Well, Mr. Thoreau, we didn’t go the extra mile that you did. We didn’t deliberately feed this mouse and let it run all over our clothes. I guess I did kind of play peek-a-boo with it, though. And we saved it for you and put it in the basement. Now we can confirm that one of your houses is once again enlivened by mice.


Filed under Environment, General, Henry David Thoreau, Literature, Living Deliberately, Nature, The Roost, Thoreau Quote, Walden

8 Responses to Henry and the Mouse

  1. Donna Marie

    After reading Corrines’s story, I was reminded of two little creatures that affected my life immensely. The first was a mouse my family encountered in a cabin near Shenandoah National Park in Virginia. Whenever we went on the back porch of the cabin to prepare our breakfast or dinner, a russet colored mouse emerged from the hole in the cabin and immediately stood by our feet up on his hind legs with paws extended. Obviously, he was very comfortable begging for food in this manner and was used to getting it.

    We gave him various crumbs of the food we were preparing, and he relished every morsel. After eating, he stayed to keep us company by crawling on the picnic bench and eventually on the table. He was calm and content just to watch us as we ate, talked, and played games. Sometimes, he would carry the crumbs we had left back to his hole, where we imagined he threw a party for all his friends.

    Because we had never seen a mouse with reddish fur, we affectionately called him our “Irish” mouse and named him Paddy McFarland. The week we shared our cabin with him was a precious time in the lives of my family. Our two children, who are now adults, still speak of our Paddy, especially when they see mice scurrying over our floor.

    Paddy McFarland will never know what enjoyment he brought to a family simply by being a mouse.

    I cannot neglect, however, to tell of another tiny creature who filled my life with so much pleasure. It was my gerbil Mr. Scruff. This gerbil lived simply to light up my days and bring me happiness. From the time I got up in the morning, Mr. Scruff would stand on his hind legs in the cage waiting for me to pick him up.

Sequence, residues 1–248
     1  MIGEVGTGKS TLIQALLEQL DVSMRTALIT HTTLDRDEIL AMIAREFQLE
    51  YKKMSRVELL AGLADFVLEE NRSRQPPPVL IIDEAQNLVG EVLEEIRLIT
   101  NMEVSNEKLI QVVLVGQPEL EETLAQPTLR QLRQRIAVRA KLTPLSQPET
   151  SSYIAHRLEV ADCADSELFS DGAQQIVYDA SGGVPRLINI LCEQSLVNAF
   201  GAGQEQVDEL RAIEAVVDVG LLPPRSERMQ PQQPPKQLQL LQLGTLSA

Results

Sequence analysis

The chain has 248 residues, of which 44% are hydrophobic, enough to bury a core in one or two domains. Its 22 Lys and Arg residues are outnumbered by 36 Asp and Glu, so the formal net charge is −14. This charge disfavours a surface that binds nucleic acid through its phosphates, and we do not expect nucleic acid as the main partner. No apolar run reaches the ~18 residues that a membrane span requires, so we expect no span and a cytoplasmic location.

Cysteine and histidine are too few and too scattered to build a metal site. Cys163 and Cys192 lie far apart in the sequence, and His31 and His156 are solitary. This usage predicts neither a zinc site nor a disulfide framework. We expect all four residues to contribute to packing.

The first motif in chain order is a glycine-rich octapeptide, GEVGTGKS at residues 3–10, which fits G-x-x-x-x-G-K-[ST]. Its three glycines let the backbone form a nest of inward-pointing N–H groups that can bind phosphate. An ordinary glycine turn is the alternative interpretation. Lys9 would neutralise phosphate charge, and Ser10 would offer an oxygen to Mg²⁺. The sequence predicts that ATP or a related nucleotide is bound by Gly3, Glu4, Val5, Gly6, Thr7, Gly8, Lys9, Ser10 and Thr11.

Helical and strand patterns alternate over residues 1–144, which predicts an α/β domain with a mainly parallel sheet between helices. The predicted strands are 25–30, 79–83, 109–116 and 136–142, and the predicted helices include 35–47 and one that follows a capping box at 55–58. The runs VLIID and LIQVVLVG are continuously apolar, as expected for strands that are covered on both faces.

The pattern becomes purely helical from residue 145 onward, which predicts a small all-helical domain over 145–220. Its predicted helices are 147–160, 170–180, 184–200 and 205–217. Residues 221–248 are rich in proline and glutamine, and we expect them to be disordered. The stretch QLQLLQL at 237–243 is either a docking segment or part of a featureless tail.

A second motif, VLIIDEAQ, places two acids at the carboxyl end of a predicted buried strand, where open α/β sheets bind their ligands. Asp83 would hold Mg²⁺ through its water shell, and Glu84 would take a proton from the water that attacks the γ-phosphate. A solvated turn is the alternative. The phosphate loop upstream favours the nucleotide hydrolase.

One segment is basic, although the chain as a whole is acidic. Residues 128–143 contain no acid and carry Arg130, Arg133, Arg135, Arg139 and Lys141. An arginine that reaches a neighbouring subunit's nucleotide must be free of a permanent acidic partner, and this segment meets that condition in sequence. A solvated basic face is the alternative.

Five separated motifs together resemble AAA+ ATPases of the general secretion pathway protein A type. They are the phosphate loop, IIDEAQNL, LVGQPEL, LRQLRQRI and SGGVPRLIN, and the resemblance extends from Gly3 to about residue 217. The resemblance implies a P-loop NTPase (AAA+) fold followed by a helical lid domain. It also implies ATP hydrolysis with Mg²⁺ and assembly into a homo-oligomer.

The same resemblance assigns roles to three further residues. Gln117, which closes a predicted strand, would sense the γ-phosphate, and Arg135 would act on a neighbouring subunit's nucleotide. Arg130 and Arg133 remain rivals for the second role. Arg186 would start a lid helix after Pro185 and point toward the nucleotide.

When I would come home after teaching, I would throw on an old shirt and place him on my shoulder, where he would sit the entire evening, sometimes walking onto my head. The shirt was a source of his amusement as he chewed the material. He was with our family for three years before he died. It has been more than ten years since Mr. Scruff left us, but my heart still skips a beat thinking of him.

    I am reminded of him every time my students study Romeo and Juliet. There is a part where Romeo states that he wishes he could be a little bird in the hand of Juliet. Juliet responds negatively to that suggestion because she says she would kill him from too much cherishing. Similarly, Lenny from Of Mice and Men doesn’t know his own strength, as George reminds him, when he crushes the mouse from petting him too forcefully.

    Fortunately, I did not kill Mr. Scruff from petting him, but I did cherish him by holding him, talking to him, and stroking his fur. Little did he know that he brought so much joy into our house. What a wonderful gift is creation–especially the small four-legged ones. Do we really appreciate their worth or do we merely see rodents? Thankfully, Henry David Thoreau saw the beauty in the smallest of God’s creatures.

    • Thanks for sharing your own mouse stories, Donna Marie!

      When I was in Girl Scouts in high school, we backpacked for several days along the C&O Canal trail, hiking along the Potomac River from Harpers Ferry WV to near Washington DC. My tent mate Mary Elizabeth had packed a few bags of cereal for her breakfast, instead of the instant oatmeal most of the rest of us ate. One night we both heard some rustling coming from her pack. I held the flashlight while she tentatively opened the pack flap and tried to see what was going on inside. The most adorable light brown mice popped out! Mary Elizabeth screeched and threw the bag of cereal out of the tent. The mice must have had a good midnight snack out there. They’re indeed quite cute. But a tad disturbing, if you’re not expecting to find them.

  2. Christina S.

    I enjoyed the story and the passage from Walden. I also shared it with my children. I am sure Thoreau is pleased with your reaction and subsequent endeavor. Nicely done!

  3. Alan Rohwer

    Nice story. I can visualize the whole thing.

  4. Karen J. McLean

    What a great passage, a great story, and a fantastic “teachable moment!” Thoroughly enjoyed reading this. :)